Mobile App Helps Save Hundreds Of Trafficked Children

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Eric Lieberman Managing Editor
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Chinese authorities recovered hundreds of missing children last year with the help of a mobile app that allows police officers and other users to share information expediently.

The Ministry of Public Security, China’s main police authority, said that 611 missing children were found last year, according to Reuters.

The app called “Tuanyuan,” which translates to “reunion” in Chinese and was developed by the massive e-commerce company Alibaba Group, was a contributing factor to the recovering of several children. (RELATED: China’s Alibaba Probably Can’t Create 1 Million US Jobs)

When a child is suspected to have vanished in a certain area, users near that location can automatically receive notifications from the app, like photos and descriptions.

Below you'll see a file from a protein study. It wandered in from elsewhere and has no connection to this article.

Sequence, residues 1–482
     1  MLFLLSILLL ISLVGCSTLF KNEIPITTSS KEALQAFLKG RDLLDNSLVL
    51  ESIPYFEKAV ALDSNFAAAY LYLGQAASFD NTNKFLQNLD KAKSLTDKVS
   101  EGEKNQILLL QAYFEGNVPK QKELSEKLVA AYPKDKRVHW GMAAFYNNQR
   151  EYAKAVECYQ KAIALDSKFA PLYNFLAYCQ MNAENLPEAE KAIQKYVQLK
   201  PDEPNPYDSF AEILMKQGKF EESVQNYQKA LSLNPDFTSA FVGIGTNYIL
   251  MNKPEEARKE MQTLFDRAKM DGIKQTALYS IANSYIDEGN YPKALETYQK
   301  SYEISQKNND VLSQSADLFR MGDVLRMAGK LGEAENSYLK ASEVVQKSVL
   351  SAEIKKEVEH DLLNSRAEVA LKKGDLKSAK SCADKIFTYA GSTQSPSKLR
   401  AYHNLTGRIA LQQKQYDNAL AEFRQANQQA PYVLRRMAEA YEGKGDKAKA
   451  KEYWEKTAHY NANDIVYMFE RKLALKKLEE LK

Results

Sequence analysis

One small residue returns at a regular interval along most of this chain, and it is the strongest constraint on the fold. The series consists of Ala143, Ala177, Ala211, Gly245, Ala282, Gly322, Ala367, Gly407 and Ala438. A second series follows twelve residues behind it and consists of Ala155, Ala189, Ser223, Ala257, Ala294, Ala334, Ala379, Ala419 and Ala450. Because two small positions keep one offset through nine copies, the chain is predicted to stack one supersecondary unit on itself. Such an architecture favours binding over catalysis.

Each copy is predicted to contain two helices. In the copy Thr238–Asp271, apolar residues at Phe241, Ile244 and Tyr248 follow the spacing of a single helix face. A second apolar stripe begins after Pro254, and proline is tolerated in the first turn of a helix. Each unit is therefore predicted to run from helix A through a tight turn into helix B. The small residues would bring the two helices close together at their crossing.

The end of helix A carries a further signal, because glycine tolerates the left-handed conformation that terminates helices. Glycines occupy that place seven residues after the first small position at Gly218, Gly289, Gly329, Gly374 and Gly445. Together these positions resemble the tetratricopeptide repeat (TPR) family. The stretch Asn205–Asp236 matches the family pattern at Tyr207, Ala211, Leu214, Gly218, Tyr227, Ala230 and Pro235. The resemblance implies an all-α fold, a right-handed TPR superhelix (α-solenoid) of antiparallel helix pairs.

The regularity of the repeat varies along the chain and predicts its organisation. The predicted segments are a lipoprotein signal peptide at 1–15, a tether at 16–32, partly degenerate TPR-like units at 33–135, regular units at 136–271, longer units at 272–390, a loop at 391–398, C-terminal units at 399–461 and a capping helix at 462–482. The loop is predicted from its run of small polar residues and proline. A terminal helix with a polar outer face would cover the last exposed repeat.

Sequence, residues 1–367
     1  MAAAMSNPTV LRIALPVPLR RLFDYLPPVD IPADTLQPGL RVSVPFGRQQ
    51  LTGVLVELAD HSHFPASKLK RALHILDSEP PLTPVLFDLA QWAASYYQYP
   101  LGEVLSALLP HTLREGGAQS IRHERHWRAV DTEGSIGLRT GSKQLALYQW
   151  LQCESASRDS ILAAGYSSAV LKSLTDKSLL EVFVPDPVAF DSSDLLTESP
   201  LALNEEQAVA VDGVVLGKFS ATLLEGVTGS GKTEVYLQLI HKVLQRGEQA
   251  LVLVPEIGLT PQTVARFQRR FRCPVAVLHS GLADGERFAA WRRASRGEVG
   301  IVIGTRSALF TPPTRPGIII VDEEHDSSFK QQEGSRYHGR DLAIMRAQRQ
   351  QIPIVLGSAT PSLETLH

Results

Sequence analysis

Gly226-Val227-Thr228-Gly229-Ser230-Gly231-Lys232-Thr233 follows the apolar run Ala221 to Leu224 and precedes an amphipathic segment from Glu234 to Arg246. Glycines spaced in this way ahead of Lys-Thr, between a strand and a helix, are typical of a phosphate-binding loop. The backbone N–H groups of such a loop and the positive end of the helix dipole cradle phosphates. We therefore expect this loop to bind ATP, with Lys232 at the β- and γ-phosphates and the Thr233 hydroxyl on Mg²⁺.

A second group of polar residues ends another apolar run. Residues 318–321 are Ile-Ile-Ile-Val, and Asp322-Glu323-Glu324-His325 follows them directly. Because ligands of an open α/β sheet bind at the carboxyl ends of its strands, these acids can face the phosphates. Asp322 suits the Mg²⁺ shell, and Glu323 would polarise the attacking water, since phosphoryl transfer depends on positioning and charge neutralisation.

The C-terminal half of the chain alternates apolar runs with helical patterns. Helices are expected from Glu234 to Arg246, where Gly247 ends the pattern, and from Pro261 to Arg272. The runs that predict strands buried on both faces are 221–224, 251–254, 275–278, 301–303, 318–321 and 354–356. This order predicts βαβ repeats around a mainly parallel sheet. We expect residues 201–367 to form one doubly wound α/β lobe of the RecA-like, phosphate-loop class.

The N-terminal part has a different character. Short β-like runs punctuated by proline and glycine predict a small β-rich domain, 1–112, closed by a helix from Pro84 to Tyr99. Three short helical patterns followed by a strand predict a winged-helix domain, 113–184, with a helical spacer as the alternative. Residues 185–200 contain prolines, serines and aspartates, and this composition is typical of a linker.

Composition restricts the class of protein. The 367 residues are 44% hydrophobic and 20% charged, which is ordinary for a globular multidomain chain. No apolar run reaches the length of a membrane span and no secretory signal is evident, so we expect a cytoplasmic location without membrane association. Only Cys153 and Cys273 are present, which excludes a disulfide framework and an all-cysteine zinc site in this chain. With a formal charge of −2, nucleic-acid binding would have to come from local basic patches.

“Tuanyuan” was also updated in November in order to collaborate with other popular apps in the country that have instant messaging capabilities, or ride-sharing functionality, according to Reuters.

It is essentially like the “Amber Alert” system in America, but with an interactive and advanced platform that can be used on smartphones.

Such disappearances are somewhat common in the country because child trafficking is such a pervasive problem. (RELATED: More Than Missing: Why China’s Child Trafficking Problem Isn’t Going Away)

While baby girls are abducted as well, population control policies have essentially made very young male children more desirable for at least a large part of the country, because boys are viewed as the name-bearers and generally take care of aging family members.

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